Here at Books and Quills, we have this thing we like to call “Genre of the Month”. We post puzzles, prompts, and articles about that month’s genre. This October, for example, was Horror month. So, what is a genre?
When we describe a book’s “genre”, we are talking about the type of story it is telling. A book can be a romance, a fantasy novel, historical fiction, or something else entirely. There are many genres in the literary world, but these are a few of the most common ones for children’s books.
Supernatural creatures, funny names, and magic galore; fantasy books use all of these and more to tell stories of heroes, villains, and quests that could never happen in real life. Some fantasy stories take place in other worlds, like The Chronicles of Narnia and The Hobbit. Others, like Harry Potter, use a magical version of our own world to tell their stories.
Science fiction (or sci-fi for short) is similar to fantasy in that it uses people or things that are fantastical and beyond our understanding. However, instead of using magic to explain these things, sci-fi stories use science. This means that aliens, time travel, and advanced robots are all elements of sci-fi stories, since they are all subjects explored by science and might one day be discovered or created by scientists. Books like The Giver and Mrs. Frisby and the Rats of NIMH are examples of sci-fi books.
Fantasy uses magic, sci-fi uses futuristic science. Realistic fiction uses the world as we know it today. These stories are still made-up, but they mimic real life. Many of Andrew Clements’s books, like Frindle and The Landry News, are realistic fiction. Holes (Louis Sachar) and Because of Winn-Dixie (Kate DiCamillo) are also examples of realistic fiction.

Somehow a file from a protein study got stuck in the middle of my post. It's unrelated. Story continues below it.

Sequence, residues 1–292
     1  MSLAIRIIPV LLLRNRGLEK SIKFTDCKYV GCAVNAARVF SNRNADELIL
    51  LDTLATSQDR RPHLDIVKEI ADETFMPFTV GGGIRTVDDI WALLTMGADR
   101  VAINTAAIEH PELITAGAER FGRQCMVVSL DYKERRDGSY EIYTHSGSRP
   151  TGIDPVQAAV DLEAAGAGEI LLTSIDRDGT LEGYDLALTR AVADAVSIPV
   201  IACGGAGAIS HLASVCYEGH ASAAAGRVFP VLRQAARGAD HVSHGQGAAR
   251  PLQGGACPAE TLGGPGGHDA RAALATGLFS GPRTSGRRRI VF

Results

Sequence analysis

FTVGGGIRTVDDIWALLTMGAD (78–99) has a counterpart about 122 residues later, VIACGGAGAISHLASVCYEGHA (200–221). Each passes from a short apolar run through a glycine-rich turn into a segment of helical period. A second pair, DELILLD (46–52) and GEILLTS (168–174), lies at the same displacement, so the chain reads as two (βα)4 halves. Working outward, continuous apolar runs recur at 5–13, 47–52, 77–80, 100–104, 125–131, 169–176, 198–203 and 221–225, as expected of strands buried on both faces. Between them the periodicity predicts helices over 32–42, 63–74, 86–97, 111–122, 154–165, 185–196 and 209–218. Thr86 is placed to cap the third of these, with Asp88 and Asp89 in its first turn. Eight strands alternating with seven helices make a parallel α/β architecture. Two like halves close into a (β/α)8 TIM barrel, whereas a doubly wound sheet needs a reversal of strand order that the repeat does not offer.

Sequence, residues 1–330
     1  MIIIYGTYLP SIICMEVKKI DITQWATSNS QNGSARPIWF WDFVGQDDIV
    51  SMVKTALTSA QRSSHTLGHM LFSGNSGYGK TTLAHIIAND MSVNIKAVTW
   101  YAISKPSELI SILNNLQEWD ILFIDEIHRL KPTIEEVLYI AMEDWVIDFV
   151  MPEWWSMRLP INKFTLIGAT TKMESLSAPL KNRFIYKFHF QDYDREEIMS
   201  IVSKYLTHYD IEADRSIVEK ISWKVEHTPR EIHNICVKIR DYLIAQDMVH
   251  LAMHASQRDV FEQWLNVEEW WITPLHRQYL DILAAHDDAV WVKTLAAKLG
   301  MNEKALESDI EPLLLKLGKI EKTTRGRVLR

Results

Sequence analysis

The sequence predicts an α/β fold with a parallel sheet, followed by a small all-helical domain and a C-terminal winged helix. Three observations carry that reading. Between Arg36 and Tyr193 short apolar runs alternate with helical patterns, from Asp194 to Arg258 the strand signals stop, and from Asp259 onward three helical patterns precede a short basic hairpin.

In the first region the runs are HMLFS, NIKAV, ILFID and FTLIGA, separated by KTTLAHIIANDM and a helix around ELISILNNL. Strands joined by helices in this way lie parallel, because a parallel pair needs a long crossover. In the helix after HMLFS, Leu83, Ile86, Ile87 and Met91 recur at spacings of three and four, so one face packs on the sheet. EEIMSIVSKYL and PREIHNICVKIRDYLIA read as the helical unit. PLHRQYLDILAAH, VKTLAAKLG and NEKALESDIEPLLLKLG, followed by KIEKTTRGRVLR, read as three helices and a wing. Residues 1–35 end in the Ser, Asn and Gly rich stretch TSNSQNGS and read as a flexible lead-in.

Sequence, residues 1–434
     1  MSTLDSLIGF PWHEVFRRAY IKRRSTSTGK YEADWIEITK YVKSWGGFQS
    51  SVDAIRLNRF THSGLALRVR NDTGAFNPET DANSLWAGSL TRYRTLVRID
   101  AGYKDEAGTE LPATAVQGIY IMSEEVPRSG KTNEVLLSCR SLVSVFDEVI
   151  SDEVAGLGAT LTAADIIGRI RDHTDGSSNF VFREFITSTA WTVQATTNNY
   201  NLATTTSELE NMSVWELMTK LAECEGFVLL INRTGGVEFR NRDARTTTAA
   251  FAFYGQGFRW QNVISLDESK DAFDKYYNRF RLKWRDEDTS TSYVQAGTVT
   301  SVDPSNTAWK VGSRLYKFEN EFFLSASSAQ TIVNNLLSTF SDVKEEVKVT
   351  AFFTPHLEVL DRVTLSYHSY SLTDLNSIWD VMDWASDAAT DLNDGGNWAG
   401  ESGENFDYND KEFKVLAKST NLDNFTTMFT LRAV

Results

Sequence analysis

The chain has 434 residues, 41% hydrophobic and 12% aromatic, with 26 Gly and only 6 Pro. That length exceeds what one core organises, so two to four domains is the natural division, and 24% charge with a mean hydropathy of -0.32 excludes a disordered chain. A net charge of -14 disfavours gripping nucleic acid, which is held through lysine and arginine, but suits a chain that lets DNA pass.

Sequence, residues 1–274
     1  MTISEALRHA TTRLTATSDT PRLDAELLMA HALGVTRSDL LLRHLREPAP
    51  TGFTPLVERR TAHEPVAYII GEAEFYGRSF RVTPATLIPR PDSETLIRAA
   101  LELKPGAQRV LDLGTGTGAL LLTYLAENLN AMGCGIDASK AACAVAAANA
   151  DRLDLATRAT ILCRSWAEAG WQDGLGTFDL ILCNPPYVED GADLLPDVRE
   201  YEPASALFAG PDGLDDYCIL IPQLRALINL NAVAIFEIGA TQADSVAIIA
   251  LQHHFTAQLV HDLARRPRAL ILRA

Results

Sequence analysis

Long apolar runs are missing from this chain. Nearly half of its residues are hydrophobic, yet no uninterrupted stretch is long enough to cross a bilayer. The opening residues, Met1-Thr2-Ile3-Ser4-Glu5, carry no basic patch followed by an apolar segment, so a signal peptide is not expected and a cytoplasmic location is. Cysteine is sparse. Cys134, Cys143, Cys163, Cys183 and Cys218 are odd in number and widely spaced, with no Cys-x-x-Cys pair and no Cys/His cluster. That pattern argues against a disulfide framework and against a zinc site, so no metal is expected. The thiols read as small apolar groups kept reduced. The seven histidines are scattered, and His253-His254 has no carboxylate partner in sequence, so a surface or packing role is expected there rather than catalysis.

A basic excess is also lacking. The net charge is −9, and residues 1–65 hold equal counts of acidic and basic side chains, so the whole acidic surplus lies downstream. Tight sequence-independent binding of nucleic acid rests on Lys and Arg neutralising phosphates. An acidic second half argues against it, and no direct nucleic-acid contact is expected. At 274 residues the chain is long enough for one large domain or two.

Historical fiction books are like realistic fiction except that they take place in the past. They are usually about a specific time period or event, like the 1920s or World War II. Walk Two Moons (Sharon Creech) and Goodnight Mr. Tom (Michelle Magorian) are examples of historical fiction. Some novels, like The Secret Garden (Frances Hodgson Burnett), were not historical fiction when they were published but are now historical fiction because they take place in our past.
Some stories are about a character or a group trying to solve a mystery. These mystery-solvers can be detectives, or they can be any person who stumbles on a mysterious event. The Hardy Boys and Nancy Drew are examples of characters in mystery novels.
All of the books mentioned so far are fictional, or books that involve made-up characters and plots. Nonfiction, on the other hand, deals with real life. This is different than realistic fiction because though realistic fiction takes inspiration from real life and they all seem very real, the characters are still made up. The Little House on the Prairie series is an example of a nonfiction series. They are memoirs: stories written by a person about their own life, with little exaggerations here and there.
There are many other genres, sub-genres (genres within genres), and stories that have more than one genre. Some authors write all of their stories in one genre. Others write in many genres. Many write most of their stories in one genre but step out of their comfort zone to try something new.
We as readers can be like that as well. Take some time to figure out what genre you read the most. Why do you like that genre? Are there genres that you avoid? If there are, try to find a book in that genre that you like. It is okay to prefer one genre (I personally am very fond of fantasy novels), but if you never explore what’s out there, you never know what you might be missing.